In other results Suriname’s Yves Kakie and Romario Doorson won the Male Discus Throw with efforts
of 30.68m and 29.08m and Obie Haddaway (27.82m) from Guyana claimed bronze while Lashanna Whaul (Guy) recorded a distance
of 28.18m to defeat FG’s Samanta Sewgobind (23.92m) and Naomi Mousse (21.22m)
Shinead Emmerson and Whaul with throws of 8.85m and 8.06m won gold and silver in shotput for the hosts,
and French Guiana’s Samanta Sewgobind (6.61m) claimed bronze and Kakie (12.04m) and team mate Eartwin Weekers (11.26m)
claimed gold and bronze while Vallon Adams (Guy) claimed silver for Guyana with a throw of 11.62m.
Guyana took no prisoners yesterday, extending their dominance on the opening day of the Inter–Guiana
Games’ Athletics Championship to retaining the coveted title on the second day of competition at the Police Sports Club
Ground. Guyana amassed 277 points after the tabulation of the points minus the long jump events that were ongoing at another
venue late yesterday afternoon. Suriname ended second with 166 points while French Guiana was third with 141 points.
French Guiana and Suriname made enterprising starts to the day’s proceedings with wins in the
triple jump and discus events. But the early momentum was not enough to stop the Guyanese from pummelling their opposition
later. Consuella Menig jumped 11.54m to help Suriname to its first gold medal of the day in an easy win over French Guiana’s
Sergine Elmo (10.85m) and Larissa Galas (10.74m). The host country did not get on the medal podium. However, in the boys’
version of the event, Winston Caesar sprang his way to triumph in 13.81m to salvage pride. Following that attempt, Marlon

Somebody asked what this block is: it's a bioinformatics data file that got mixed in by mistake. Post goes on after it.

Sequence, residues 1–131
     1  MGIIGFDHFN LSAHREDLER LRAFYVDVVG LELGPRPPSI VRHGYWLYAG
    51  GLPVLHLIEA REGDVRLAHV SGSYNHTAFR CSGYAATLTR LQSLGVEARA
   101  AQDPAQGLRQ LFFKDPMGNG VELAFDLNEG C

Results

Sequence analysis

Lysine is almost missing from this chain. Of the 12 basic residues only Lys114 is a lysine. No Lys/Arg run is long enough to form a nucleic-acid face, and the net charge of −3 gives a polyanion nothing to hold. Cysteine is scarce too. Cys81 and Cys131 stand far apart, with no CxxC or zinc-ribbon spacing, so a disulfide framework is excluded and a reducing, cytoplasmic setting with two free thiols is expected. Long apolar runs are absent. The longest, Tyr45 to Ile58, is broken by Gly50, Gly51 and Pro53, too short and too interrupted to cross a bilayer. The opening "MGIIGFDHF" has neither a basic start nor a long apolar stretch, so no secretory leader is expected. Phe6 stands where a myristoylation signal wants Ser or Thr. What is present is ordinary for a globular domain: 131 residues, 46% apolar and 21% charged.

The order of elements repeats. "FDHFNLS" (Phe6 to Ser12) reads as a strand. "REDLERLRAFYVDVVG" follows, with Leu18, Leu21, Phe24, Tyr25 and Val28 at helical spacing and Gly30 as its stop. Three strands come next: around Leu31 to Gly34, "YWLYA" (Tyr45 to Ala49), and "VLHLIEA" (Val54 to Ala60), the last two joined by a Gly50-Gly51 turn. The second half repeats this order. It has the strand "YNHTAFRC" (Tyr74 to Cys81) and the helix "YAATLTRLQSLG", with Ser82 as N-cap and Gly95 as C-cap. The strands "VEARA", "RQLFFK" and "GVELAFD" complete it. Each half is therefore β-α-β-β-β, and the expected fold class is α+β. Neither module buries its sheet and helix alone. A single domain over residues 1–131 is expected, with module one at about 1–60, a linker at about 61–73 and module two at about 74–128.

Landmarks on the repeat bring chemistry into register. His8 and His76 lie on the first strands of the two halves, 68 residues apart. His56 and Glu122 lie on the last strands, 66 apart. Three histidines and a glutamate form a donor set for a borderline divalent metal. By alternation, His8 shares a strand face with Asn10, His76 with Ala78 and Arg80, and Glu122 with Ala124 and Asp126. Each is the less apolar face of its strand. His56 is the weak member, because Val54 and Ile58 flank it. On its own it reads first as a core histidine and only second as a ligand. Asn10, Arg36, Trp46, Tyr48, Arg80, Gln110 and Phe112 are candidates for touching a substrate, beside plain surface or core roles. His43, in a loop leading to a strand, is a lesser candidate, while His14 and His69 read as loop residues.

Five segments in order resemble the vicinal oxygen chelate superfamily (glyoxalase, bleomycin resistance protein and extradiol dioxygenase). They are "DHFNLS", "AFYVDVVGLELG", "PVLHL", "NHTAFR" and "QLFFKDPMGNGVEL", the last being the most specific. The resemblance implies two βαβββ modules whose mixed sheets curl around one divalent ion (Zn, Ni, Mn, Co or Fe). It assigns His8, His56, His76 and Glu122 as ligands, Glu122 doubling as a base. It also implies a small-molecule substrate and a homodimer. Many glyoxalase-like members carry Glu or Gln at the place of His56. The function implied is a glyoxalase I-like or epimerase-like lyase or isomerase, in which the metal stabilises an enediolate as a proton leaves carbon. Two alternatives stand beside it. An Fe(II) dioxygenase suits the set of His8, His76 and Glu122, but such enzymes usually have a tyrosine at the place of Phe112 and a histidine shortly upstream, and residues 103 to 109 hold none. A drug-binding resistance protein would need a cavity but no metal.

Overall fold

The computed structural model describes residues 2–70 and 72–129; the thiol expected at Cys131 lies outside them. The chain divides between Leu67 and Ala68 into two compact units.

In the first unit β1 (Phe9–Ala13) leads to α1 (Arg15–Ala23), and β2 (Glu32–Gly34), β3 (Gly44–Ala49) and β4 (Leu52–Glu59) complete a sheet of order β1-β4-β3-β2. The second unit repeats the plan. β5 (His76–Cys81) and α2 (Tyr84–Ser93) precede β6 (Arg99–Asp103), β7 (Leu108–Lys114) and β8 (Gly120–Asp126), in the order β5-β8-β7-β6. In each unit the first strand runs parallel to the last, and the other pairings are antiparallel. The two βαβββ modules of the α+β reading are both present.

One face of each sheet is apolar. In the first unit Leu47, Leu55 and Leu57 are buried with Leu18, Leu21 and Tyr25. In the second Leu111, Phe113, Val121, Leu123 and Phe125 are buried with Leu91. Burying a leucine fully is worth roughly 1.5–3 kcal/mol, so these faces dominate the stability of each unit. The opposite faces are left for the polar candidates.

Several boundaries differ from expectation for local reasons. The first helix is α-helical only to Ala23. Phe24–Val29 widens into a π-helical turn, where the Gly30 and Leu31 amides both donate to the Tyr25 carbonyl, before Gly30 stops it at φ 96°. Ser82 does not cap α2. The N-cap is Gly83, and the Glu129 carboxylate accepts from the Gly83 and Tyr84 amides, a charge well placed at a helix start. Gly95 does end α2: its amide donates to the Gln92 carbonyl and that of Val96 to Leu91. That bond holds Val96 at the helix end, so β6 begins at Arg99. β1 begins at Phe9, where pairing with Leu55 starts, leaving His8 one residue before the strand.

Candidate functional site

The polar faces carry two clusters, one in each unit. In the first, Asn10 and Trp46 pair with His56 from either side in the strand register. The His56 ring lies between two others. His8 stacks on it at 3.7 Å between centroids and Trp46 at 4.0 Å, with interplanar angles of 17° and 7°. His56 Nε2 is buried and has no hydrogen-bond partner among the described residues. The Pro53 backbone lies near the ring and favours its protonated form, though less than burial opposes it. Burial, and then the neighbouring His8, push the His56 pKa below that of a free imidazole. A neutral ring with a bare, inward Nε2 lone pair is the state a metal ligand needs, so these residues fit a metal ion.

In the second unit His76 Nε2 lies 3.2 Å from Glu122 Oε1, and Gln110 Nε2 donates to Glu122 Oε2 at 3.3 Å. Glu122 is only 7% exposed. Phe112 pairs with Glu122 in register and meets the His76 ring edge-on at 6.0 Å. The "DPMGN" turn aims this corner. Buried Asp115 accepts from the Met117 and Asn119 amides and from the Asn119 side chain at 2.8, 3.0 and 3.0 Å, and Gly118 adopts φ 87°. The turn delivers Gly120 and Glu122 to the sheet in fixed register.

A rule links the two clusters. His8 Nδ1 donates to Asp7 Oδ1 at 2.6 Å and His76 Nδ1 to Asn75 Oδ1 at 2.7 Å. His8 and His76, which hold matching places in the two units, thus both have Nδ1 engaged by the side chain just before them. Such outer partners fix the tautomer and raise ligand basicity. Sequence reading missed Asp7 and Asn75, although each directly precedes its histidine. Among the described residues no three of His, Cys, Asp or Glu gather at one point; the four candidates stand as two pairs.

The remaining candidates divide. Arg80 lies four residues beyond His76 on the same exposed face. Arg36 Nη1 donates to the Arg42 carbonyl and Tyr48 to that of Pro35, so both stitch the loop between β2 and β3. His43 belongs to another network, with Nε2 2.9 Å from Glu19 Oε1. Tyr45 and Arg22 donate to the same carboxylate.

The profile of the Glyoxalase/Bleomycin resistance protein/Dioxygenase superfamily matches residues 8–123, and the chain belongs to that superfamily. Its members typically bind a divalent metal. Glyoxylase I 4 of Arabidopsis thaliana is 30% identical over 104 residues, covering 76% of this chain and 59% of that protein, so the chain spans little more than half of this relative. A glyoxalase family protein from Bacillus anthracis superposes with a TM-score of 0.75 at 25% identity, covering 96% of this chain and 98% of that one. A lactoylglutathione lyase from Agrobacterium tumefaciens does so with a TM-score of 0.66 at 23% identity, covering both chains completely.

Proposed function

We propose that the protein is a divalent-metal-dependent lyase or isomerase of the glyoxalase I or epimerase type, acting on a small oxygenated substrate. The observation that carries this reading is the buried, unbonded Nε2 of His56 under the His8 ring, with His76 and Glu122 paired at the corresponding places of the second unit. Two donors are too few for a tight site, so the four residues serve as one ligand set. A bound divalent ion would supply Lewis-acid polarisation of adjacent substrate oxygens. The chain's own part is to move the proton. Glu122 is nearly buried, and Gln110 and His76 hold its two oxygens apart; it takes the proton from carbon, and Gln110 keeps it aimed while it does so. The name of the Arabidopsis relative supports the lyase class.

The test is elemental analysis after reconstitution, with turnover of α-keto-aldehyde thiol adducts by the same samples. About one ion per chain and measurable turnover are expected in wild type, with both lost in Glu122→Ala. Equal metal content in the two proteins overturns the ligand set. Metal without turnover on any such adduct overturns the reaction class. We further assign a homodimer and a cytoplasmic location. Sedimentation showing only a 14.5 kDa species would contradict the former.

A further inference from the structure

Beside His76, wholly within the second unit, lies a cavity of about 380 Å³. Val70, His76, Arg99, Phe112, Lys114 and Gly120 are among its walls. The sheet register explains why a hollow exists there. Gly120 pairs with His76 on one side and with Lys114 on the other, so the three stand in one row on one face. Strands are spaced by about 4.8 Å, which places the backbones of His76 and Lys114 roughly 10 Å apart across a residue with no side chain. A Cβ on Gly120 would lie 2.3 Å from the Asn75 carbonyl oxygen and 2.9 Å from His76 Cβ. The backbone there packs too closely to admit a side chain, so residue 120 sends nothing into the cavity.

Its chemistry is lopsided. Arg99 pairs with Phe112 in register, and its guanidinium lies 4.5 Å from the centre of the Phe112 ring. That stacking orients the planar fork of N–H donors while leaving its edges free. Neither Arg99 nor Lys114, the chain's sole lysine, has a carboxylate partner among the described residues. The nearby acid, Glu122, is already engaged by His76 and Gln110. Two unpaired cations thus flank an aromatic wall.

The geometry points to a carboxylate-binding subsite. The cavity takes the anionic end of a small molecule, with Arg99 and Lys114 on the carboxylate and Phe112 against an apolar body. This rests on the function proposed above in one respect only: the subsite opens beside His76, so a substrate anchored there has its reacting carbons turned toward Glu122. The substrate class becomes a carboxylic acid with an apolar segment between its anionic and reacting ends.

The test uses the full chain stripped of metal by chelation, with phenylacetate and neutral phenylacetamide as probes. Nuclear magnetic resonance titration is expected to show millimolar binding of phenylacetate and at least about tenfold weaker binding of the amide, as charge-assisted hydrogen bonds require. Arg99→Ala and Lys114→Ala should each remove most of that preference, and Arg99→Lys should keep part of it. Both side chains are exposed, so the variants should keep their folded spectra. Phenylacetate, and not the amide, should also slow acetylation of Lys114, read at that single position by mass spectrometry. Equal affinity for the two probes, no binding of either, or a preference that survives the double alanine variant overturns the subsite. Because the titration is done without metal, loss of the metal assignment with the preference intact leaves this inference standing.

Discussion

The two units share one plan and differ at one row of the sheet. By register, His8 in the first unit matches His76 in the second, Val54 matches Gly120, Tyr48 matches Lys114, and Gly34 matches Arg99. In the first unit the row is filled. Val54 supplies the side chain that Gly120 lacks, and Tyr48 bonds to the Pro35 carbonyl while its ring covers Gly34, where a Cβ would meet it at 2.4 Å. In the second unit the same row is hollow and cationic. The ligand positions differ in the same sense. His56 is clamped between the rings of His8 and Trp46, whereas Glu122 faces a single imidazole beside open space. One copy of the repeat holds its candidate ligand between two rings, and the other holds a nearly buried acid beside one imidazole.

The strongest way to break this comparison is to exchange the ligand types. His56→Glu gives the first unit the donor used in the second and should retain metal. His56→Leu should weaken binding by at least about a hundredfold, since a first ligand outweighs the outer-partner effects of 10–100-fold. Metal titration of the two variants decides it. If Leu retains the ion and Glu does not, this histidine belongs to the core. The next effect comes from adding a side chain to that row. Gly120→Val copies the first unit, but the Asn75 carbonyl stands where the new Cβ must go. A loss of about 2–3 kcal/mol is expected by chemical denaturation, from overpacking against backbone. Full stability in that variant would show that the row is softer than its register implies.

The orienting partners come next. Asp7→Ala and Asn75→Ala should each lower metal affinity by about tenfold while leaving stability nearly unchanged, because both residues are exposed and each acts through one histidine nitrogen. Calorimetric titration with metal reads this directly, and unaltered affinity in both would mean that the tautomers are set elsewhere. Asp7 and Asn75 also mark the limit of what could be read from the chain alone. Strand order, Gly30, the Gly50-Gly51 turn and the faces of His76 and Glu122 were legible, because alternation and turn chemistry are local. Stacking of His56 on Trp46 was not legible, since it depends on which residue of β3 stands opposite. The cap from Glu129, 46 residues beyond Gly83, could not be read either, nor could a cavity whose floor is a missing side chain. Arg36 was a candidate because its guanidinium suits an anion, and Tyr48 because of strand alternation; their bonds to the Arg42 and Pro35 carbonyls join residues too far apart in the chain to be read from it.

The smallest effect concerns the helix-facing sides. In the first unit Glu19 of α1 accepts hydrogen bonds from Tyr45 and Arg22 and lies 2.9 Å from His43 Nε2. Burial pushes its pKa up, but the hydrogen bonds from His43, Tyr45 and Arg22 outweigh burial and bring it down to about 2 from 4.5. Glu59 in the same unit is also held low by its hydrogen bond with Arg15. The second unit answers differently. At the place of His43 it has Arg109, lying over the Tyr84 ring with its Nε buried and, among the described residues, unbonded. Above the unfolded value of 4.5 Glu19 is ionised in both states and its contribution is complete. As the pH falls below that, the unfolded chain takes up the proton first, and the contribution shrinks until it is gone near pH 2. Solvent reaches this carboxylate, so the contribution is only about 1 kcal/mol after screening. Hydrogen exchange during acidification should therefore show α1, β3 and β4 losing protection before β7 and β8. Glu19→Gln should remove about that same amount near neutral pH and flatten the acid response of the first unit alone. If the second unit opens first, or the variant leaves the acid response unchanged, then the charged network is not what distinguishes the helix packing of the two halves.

Moshette then landed a 13.57m jump to give Guyana the first two positions. Suriname’s Rondall Napo was third with a
best jump of 13.28m at YMCA, Thomas Lands. Menig followed up her performance in the morning with another gold medal 5.25m
jump in the girls’ long jump event. Guyana’s Natasha Doris finished second with 5.22m while Elmo added bronze
with a jump of 5.06m.
WE ARE THE CHAMPIONS!!! Guyana
Guyana’s Moshette and Caesar continued their rivalry in the boys’ long jump event when
they jumped 6.38m and 6.29m for first and second places respectively. Suriname’s Bondi Misasi was third with a best
jump of 6.12m. In the events that were held at the Police Sports Club, Suriname’s Yves Kakie had a best throw of
30.68m to emphatically win the boys’ discus event with countryman, Romario Doorson finishing second with a throw of
29.08m. Guyana’s Obie Haddaway was third in the distance with a 27.82m throw. Kakie returned later in the day to
add another gold medal to his haul in the boys’ shot put competition. The Surinamese threw 12.04m ahead of Guyana’s